Israel, the largest recipient in the world of American foreign aid, never has, and never will act against its own interests to further any interest of the US. This is not to say that the US doesn't have an interest in Israel's survival as a state, but our support has to be limited by our own interests and the interests of peace in the Middle East.
Matt Yglesias takes on the issue of our relationship with Israel in his American Progress column:Friends Without Benefits.
According to Netanyahu, it's in the vital interest of Israel to annex 100 percent of Jerusalem to the Jewish state, including neighborhoods that are inhabited nearly exclusively by Palestinians. Netanyahu also thinks it's vital for Israel to prevent any hypothetical future Republic of Palestine to have a military. But that's not to say he thinks there should be no military on Palestinian soil; he just wants to make sure it's an Israeli military stationed in the Jordan River Valley. For good measure, he added that "in Judea and Samaria [that is, the West Bank], the Jewish people are not foreign occupiers."You can read the whole column here.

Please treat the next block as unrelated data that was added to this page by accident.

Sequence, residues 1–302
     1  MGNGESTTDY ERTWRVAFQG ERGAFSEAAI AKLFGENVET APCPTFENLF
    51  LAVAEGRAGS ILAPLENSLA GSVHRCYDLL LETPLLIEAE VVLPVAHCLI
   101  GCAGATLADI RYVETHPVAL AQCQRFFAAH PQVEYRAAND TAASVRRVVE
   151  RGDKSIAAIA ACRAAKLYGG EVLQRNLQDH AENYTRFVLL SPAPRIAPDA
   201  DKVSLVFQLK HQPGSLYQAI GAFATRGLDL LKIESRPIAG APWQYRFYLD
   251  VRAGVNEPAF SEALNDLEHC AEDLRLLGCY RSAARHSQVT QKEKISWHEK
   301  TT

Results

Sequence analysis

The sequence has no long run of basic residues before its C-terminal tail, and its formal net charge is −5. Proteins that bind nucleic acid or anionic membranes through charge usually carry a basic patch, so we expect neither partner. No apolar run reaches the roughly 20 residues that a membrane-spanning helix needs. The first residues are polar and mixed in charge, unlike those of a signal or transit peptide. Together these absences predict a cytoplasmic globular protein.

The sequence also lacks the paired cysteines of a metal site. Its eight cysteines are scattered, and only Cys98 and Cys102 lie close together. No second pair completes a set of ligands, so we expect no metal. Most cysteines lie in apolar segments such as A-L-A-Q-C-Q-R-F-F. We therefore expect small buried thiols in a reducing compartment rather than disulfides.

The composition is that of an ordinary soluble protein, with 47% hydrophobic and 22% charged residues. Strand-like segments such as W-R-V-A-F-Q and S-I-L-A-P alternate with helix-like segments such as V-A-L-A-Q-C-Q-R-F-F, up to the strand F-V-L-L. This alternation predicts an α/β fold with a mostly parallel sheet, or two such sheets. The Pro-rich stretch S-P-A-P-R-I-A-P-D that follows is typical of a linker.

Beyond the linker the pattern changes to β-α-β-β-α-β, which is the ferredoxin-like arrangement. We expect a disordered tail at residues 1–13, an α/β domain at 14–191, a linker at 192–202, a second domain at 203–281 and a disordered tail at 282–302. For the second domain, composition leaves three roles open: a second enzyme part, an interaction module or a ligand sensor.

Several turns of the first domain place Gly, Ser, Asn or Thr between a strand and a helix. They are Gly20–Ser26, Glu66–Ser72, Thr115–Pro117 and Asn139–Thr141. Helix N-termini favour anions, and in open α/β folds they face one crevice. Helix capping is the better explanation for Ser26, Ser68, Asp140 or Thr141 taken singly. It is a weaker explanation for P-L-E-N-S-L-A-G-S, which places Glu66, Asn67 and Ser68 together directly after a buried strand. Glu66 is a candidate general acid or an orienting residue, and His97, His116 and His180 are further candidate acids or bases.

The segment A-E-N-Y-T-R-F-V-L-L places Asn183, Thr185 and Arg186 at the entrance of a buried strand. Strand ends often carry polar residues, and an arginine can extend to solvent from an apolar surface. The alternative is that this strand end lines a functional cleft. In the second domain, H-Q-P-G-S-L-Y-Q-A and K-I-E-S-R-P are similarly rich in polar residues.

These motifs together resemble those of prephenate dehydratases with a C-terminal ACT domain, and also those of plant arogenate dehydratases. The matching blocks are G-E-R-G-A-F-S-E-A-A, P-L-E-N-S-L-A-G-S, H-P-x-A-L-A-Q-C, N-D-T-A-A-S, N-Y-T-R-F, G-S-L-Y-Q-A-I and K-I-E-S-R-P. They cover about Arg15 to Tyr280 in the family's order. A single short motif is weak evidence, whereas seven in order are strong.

This is not an agenda that takes the interests of the region's Arab population seriously. Which makes sense, in a way. Israel is a democracy, as Netanyahu was at pains to note, and its prime minister is accountable to an Israeli electorate. The current Israeli priority is to enforce the interests of Israelis rather than promote fairness for Arabs. But when America positions itself as Israel's best friend, this signals to Palestinians and hundreds of millions of Arabs and Muslims around the world that we, too, don't take the interests of the Palestinian people seriously. One can debate how big an impact this has on our policies throughout the greater Middle East, but it clearly doesn't help.